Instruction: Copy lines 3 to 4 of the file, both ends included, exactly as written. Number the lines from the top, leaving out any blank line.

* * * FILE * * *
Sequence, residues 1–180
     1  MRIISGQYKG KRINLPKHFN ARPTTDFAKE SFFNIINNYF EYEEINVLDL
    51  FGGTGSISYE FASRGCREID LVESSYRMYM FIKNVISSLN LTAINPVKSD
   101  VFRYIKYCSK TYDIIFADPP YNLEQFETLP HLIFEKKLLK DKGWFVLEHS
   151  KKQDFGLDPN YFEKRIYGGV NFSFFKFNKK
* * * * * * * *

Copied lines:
    51  FGGTGSISYE FASRGCREID LVESSYRMYM FIKNVISSLN LTAINPVKSD
   101  VFRYIKYCSK TYDIIFADPP YNLEQFETLP HLIFEKKLLK DKGWFVLEHS